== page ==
By: Emma Miller
Starting your own business can be an exciting prospect for most first-time entrepreneurs. You get to develop your own business ideas, you have flexible work hours, and you actually get to call all the shots for a change.
Yep, it’s good to be the king.
However, after the initial enthusiasm fades and reality kicks in, you’re left with a myriad of issues including legal, financial, HR, marketing—and the list just keeps growing. It’s no wonder then that, according to the SBA, as many as 50% of all small businesses fail within their first five years of operation. Hence, beginning from scratch may not be the best option for entrepreneurs who are just starting out. The alternative? Franchising.
What is a Franchise?
In short, a franchise is an arrangement between two parties—the franchisor and franchisee—where the franchisee purchases the right to use the franchisor’s trade name and operating methods as their own. This allows small business owners to have an already-established brand under their belt with a proven track record and a fully-developed system of day-to-day operations without them having to go through the pains of trial and error themselves.
Today, there are a whole bunch of different franchises out there, ranging from food and retail services to real estate and even healthcare to a small degree. According to IFA’s report, there’s an estimated amount of some 750,000 franchise establishments in the US alone. What’s more, the report also shows that franchises are slowly growing in popularity, with an annual increase of around 2% since 2014.
How does it Work?
From a legal point of view, a franchise is regarded as a license that can be granted to one businessperson (franchisee) by another (franchisor). In turn, the franchisee agrees to conduct their business according to the terms of this license, and usually pays the franchisor royalties or percentages of the sales to remain in business.
Looking at it from a more business point of view, a franchise gives you unique access to another brand’s vast repository of resources and experience. Now, what is implied by this particular franchise business definition is that you’re getting more than just the intellectual property of the brand in question. For example, you don’t franchise KFC’s chicken wings or Wendy’s burgers, but the whole business model that they employ. Also, the franchisor most commonly provides you with some form of in-depth training programs, operating manuals, technical support, quality control, and so on. Therefore, you’re not entirely on your own as when you start a business from scratch.
The Many Benefits of Franchising
Franchising offers novice entrepreneurs a way to run their own business even if they lack the means or the necessary experience to do so by themselves. What’s more, teaming up with an already-established brand provides you with some levels of security as you’re not treading through unfamiliar territory, but actually going down a well-beaten path. As such, the franchisor acts like an older brother, a role model of sorts, who protects you and keeps you out of harm’s way with their vast knowledge and life experience. Meaning, franchising involves less risk-taking than your average startup as you have someone to watch over you and support you during your entrepreneurial journey.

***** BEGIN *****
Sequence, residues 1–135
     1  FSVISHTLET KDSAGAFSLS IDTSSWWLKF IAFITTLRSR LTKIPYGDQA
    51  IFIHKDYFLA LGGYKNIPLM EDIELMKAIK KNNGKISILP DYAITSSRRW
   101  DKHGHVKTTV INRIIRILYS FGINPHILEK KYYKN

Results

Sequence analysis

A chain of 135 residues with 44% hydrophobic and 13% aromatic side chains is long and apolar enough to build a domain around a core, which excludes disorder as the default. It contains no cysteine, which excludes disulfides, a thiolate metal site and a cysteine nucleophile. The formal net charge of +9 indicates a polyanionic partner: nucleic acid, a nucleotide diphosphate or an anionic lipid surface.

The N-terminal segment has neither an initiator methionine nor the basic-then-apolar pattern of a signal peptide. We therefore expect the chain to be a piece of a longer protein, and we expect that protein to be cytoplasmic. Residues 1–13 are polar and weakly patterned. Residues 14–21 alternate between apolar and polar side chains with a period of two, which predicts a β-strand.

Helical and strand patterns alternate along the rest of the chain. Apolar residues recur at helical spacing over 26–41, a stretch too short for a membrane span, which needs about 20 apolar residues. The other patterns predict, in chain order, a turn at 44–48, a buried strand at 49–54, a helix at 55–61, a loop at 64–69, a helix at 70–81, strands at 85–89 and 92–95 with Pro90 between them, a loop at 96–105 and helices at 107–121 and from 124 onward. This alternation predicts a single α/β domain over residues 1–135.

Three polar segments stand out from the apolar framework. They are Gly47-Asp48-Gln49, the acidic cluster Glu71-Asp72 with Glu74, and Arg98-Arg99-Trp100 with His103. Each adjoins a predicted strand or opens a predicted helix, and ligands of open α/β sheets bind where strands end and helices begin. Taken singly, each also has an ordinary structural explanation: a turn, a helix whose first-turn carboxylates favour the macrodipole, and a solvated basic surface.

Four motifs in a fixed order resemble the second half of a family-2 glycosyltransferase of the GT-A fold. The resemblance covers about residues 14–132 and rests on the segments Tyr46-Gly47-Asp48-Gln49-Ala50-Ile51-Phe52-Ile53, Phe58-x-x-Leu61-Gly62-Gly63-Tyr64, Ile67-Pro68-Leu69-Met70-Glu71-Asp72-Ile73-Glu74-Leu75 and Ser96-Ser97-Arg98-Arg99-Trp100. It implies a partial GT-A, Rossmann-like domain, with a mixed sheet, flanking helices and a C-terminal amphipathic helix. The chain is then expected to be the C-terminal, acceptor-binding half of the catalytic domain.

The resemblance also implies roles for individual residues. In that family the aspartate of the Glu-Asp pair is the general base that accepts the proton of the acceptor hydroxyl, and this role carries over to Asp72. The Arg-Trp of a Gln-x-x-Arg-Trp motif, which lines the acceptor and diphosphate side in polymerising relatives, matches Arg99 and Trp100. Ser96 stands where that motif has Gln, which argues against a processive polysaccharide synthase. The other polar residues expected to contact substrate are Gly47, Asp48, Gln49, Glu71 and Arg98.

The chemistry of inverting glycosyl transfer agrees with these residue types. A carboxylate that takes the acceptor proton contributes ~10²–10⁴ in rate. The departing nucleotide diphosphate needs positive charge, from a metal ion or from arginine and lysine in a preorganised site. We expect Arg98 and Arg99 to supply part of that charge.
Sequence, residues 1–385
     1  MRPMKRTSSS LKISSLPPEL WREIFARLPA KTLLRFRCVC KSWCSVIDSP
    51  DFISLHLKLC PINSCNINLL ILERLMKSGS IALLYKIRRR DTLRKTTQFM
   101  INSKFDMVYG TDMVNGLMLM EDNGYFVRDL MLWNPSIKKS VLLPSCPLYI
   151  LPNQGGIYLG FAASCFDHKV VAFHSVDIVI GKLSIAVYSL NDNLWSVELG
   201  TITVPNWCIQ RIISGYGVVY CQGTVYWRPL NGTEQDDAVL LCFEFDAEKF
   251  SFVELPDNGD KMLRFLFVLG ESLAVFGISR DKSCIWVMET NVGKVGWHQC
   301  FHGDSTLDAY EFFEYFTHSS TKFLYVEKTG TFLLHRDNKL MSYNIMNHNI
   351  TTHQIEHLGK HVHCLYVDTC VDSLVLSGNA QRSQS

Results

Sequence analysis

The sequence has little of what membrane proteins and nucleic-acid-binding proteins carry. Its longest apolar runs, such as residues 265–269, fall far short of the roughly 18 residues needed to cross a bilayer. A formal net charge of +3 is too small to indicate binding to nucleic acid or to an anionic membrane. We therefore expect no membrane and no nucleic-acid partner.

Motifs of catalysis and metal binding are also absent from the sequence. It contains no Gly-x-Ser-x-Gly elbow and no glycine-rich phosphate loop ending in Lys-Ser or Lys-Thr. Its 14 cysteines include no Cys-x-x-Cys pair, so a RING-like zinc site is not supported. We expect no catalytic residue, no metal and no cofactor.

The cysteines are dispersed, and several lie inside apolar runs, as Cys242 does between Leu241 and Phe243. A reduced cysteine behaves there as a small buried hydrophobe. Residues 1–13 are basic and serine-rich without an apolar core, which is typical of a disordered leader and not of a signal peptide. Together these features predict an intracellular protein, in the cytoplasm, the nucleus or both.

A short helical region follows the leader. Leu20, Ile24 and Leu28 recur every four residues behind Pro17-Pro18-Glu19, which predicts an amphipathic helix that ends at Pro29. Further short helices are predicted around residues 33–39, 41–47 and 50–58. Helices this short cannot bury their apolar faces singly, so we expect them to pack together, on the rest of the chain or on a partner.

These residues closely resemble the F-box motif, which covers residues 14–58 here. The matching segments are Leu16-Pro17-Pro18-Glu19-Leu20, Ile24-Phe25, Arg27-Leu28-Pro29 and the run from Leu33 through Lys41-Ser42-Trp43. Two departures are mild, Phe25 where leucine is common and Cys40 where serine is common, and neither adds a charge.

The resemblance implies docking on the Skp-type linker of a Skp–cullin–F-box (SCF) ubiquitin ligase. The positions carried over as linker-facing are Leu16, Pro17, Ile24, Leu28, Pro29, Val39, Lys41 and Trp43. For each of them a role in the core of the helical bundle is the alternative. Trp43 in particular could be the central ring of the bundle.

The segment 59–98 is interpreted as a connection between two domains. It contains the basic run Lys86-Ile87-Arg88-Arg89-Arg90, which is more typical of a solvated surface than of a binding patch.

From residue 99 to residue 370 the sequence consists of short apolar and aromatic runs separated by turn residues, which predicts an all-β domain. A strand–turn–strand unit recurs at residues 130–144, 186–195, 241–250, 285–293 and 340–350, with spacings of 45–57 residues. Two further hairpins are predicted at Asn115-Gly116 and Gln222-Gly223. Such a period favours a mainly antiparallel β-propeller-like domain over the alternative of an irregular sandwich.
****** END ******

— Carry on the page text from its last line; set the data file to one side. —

Also, as previously mentioned, you don’t have to waste time searching for efficient ways to run your business as that’s already cut out for you. Hence, you can focus on other more important matters and look for ways to grow and expand your new business. Moreover, you don’t have to work on building a name for yourself or engage in tedious marketing efforts that don’t guarantee you a return on your investment.
Finally, franchising enables you to forge strong relationships with other brands as well, as suppliers and manufacturers are generally more open to working with franchisees than with random small businesses due to having more credibility. This allows you to establish a robust network on a more international scale, all thanks to your franchisor’s reputation and good name.
Should You Own One?
Now, whether or not you should turn to franchising depends mostly on your mindset and personality. Do you cope well with stress or do you in fact buckle under pressure? Are you an outside-of-the-box kind of type or do you prefer following an already prescribed formula? How well do you comply with rules and regulations?
These are just some of the questions you need to give an honest answer before making a final decision. So, if you’re not a huge risk-taker, or a complete control-freak, you have what it takes. At the end of the day, despite being your own boss, franchising demands you to conform to your franchisor’s standards and ways of doing things, and if you cannot comply with those, then perhaps you need to rethink your options.
To sum up, franchising deals offer first-time entrepreneurs much safer waters to dip their toes in when they’re just starting out than the average small business. Not only that, but they also provide owners with all the necessary equipment and training they need to sail their businesses over the horizon. Teach a man to fish… you get the idea.
By Emma Miller
About the author
Emma Miller is a digital marketer and blogger from Sydney. After getting a marketing degree she started working with Australian startups on business and marketing development. Emma writes for many relevant, industry related online publications and does a job of an Executive Editor at Bizzmark blog and a guest lecturer at Melbourne University. Interested in marketing, startups and latest business trends.